“Saving one dog will not change the world, but surely for that one dog, the world will change forever.” – Karen Davison
Sim Jia Yi has changed 10 worlds (and counting) since April 17 after joining SOSD. Whether palliative care, fostering, or animal rescues, she has done it all and still going on strong. Along the journey of animal welfare, she is guilty of what we call a “foster-fail”- adopting her first fostered dog Mellow (whom you see her with in the picture). Yes she was supposed to rehome Mellow, and she did- she rehomed Mellow right straight into her caring heart.
Strictly counting, she changed 11 worlds forever.
Always a joy communicating with Jia Yi, her bubbly personality and optimism is infectious, and we are very blessed to have such a dynamic happy pill embody all the values we live with in SOSD- “Seeing them in their new homes warms my heart deeply – them sleeping soundly under a roof, not having to worry when their next meal would be, and having a family who loves them so much. There are times when adoptions don’t work out for various reasons too, but it only makes me more determined to find the dog a better home as a failed homestay doesn’t mean a problematic dog, it just means there’s a more suitable family out there for him/her!”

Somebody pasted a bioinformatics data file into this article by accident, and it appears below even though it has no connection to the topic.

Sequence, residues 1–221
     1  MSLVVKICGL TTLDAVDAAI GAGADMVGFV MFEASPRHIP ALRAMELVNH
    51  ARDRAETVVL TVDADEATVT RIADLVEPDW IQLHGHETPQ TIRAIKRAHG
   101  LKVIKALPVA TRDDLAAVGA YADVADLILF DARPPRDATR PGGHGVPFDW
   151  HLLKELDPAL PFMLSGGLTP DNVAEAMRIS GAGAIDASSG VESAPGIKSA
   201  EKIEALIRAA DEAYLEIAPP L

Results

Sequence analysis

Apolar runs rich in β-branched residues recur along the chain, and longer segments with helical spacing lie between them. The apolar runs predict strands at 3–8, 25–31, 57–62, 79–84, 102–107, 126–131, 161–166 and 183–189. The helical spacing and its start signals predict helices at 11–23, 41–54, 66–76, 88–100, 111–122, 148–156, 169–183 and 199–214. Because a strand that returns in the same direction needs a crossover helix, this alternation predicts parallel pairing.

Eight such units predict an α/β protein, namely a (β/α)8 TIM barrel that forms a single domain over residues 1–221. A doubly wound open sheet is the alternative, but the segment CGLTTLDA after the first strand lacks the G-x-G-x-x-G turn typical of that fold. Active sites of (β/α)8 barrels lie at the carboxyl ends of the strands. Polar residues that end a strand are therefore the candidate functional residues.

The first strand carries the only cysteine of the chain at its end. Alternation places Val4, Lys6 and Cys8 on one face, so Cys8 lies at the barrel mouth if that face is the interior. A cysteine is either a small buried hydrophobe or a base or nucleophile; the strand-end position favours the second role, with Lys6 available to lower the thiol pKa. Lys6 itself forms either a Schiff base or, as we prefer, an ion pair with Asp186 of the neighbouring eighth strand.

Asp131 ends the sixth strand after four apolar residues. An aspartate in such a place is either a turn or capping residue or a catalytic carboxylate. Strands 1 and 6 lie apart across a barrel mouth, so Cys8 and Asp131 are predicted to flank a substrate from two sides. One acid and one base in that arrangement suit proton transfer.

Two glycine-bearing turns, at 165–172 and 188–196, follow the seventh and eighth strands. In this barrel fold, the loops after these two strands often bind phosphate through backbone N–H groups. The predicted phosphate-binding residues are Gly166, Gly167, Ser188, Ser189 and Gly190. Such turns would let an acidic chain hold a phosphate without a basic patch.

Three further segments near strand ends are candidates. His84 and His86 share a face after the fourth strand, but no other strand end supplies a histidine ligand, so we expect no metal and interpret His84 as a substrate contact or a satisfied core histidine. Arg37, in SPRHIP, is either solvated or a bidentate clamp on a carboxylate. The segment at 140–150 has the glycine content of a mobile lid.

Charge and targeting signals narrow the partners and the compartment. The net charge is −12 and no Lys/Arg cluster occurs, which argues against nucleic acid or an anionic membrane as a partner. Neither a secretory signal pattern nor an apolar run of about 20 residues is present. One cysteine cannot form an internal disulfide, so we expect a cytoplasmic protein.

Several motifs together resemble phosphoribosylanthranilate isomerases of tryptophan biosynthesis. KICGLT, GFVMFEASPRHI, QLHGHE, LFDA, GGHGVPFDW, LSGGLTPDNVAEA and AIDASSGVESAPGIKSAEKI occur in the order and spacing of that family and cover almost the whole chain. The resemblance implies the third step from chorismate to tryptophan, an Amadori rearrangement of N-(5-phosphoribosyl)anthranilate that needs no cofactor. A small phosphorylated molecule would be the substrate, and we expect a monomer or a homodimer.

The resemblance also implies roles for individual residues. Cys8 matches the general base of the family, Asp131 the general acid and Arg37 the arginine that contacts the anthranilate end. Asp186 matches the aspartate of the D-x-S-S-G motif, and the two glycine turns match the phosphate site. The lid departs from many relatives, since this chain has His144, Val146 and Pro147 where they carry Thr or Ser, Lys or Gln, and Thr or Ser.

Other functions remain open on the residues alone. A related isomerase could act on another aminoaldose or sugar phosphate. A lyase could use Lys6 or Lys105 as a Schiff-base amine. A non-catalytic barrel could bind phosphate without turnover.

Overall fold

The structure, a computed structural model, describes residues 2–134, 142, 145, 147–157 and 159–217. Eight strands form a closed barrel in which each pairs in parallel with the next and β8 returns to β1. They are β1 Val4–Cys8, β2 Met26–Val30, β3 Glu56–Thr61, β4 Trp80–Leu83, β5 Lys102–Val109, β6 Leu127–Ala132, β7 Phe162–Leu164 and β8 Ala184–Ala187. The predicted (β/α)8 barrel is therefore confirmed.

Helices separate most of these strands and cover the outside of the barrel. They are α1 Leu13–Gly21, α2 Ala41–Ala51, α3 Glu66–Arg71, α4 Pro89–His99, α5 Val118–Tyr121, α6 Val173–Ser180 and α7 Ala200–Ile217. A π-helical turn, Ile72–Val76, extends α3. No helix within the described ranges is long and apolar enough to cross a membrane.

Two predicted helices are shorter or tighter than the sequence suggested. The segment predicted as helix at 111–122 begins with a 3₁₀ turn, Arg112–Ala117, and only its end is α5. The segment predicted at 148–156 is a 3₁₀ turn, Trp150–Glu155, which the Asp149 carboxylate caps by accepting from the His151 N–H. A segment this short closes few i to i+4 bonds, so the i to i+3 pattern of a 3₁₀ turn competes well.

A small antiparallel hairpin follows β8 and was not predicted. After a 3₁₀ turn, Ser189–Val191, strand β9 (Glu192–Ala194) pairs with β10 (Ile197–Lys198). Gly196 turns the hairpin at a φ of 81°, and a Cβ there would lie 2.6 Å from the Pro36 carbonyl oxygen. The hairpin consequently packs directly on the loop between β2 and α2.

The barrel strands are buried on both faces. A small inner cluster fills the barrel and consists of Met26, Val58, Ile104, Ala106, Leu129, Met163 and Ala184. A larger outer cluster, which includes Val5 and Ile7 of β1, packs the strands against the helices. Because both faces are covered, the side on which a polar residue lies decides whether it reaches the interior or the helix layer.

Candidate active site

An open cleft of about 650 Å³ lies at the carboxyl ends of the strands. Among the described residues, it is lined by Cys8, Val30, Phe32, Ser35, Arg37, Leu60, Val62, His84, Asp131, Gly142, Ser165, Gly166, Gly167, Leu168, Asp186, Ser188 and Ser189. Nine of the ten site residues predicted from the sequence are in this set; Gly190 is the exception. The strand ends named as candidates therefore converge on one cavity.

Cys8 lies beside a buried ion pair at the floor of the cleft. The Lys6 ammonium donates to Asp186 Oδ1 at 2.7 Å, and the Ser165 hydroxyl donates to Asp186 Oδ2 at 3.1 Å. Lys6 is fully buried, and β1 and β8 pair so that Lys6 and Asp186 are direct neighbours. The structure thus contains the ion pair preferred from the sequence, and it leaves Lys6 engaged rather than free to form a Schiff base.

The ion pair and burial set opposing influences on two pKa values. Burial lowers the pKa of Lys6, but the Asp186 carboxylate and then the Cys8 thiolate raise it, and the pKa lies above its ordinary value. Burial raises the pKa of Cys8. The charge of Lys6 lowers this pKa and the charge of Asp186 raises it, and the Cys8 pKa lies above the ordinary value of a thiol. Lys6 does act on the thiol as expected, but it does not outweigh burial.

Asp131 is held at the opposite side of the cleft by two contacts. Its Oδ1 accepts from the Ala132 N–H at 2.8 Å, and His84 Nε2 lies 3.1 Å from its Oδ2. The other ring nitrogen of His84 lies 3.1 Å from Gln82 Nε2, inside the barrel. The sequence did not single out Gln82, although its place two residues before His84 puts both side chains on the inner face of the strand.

For 21 year young Jia Yi, apart from learning how she can better handle and manage our dogs, she also honed her communication skills along the way (especially with our potential adopters or fosterers), and more soft skills such as problem solving and adaptability. To quote, “These skills are not just applicable in SOSD but even in my school and future work life too, and has definitely made me a more confident person!”
If there is a textbook model answer on how and what makes us all of us at SOSD go on doing what we do repeatedly, Jia Yi has imparted the essence of the spirit of an SOSD vollie- “There’s no doubt that I’ve definitely had some low times, but I found that it helped to *remind myself of why I had started in first place *- because I want to help the dogs who are more than deserving our love and care, and though they may be street dogs, they are as deserving of love as any other breed.”